Let's go back as to why folks use Arduino. They have no clue, but want to get something done. They need to experiment and learn. You learn best from making mistakes.
There are a lots of "me's" around that can & do use professional tools but stick with the Arduino System because I (they) want their code public and easily duplicated. ArduinoIDE provides a workable, free, repeatable, cross-platform set of tools. Compared to some of my forum peers, the use of "no clue" may be appropriate, but it really does not answer the "why." Arduino is a common denominator for publishing code projects. Ray
My choice of words was perhaps inappropriate. I did not intend to imply that necessarily all Arduino users share the same type of beginners level as the platform was intended for, nor did I want to preclude other motives to use the platform or IDE. The point was simply that the Arduino platform is primarily targeted at the tinkerer who does not necessarily have a full understanding a priori, but explores solutions along the way of experimentation.
Seasoned software developers have learned (probably the hard way) that you do some things one way and one way only. Keeping ISRs short and avoid anything in there that would block is one such example. But for somebody who is either fairly new, or simply more concerned about her/his project as a whole, this is not intuitive. Hence it is utmost important that a Arduino Core behaves in an expected and predictable way under any circumstances. Whether it is optimal or not does not matter.
In reality the API is horribly inadequate, not specified very well and many implementations barely pass the minimum criteria of functionality. However all of this does not seem to matter as the ecosystem still enables a lot of individuals to get a lot of things done.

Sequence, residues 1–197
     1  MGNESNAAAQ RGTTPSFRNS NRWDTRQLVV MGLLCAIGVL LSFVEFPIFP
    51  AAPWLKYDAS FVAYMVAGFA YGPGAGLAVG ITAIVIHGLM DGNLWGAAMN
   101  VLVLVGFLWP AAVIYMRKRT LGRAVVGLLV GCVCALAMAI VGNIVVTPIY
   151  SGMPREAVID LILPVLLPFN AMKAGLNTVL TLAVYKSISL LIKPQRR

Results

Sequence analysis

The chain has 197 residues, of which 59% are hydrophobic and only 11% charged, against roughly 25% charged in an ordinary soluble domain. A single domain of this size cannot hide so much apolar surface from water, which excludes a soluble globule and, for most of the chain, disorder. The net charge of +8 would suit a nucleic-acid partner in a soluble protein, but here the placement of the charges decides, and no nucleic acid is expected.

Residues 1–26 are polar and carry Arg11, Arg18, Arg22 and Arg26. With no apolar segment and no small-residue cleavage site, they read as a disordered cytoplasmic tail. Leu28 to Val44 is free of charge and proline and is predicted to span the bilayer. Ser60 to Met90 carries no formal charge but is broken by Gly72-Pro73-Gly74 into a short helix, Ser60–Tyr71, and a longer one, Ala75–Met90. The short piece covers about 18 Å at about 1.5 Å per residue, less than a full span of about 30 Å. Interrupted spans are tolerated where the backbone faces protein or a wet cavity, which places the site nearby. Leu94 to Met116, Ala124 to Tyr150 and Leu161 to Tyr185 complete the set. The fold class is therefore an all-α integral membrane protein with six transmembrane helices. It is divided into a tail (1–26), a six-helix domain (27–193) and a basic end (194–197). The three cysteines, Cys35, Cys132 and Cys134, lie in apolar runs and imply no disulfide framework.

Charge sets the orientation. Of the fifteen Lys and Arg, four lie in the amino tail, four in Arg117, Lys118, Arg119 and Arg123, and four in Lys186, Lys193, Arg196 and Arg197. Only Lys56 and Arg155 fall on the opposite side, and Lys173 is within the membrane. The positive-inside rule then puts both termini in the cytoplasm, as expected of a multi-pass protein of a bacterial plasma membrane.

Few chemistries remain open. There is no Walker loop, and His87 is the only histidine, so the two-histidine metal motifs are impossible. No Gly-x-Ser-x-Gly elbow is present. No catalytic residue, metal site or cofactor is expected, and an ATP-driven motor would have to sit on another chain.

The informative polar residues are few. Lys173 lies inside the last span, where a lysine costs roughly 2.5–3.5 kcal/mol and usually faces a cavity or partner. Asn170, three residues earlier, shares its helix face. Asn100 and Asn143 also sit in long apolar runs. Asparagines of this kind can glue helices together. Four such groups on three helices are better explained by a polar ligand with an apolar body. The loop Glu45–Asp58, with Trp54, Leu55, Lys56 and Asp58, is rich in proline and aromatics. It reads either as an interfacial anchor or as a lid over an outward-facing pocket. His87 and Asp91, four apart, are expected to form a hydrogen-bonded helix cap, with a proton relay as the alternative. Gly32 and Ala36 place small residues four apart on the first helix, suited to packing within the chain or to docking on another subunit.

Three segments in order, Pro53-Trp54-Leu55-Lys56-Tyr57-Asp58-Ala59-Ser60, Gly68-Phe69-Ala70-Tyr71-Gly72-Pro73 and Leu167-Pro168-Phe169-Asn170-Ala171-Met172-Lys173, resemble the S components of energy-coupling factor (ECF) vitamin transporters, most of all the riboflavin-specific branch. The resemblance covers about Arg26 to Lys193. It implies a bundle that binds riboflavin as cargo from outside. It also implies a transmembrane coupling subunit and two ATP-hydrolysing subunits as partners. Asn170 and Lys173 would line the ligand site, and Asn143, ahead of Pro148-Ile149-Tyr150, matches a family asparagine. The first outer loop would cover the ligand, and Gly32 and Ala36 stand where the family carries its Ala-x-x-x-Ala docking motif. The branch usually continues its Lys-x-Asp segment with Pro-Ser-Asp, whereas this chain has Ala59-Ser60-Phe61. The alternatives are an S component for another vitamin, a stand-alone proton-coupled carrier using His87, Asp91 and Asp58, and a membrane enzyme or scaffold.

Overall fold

Where I am coming from is totally different. I got sucked into all of this because I am utterly bad at hardware. I always wanted to explore a low power Driver/HAL/RTOS infrastructure at the micro controller level. What is required to do that ? How do you do clock gating ? How do you efficiently sleep, and how do you profile that ? How much can be done at a system level behind a HAL/Driver abstractions ? Can this be done without the use of an RTOS (i.e. explicit locking) and such. Along comes Kris with his incredible talent of actually being able to design those little boards, and what he is lacking is an Arduino environment for them, because he is all hardware and not software. Hence the thought of simply merging the type of software layer for low power with an Arduino Core, and see how much can be done there. And for me personally it was surprising how much functionality could be offered there, and how few extensions to the "official API" were required to get most of the things in place that I was accustomed to from more advanced environments (like async IO). But what really struck me is that with this really simple API I suddenly could convey more advanced concepts to others.
Anyway, one of the biggest challenges going forward for Arduino is fragmentation. You got now a ESP8266 core, the existing AVR/SAM/SAMD cores, then there is Energia and the LeafLabs Maple based core on this forum, and everybody does things slightly different. And that is really bad, because this precludes portability. That is the main reason the STM32L4 core picked "Arduino Zero" as a point of reference and follows the simple guideline of "if it works and Arduino Zero, it has to work the same way on STM32L4", whether I agree with the approach chosen or not.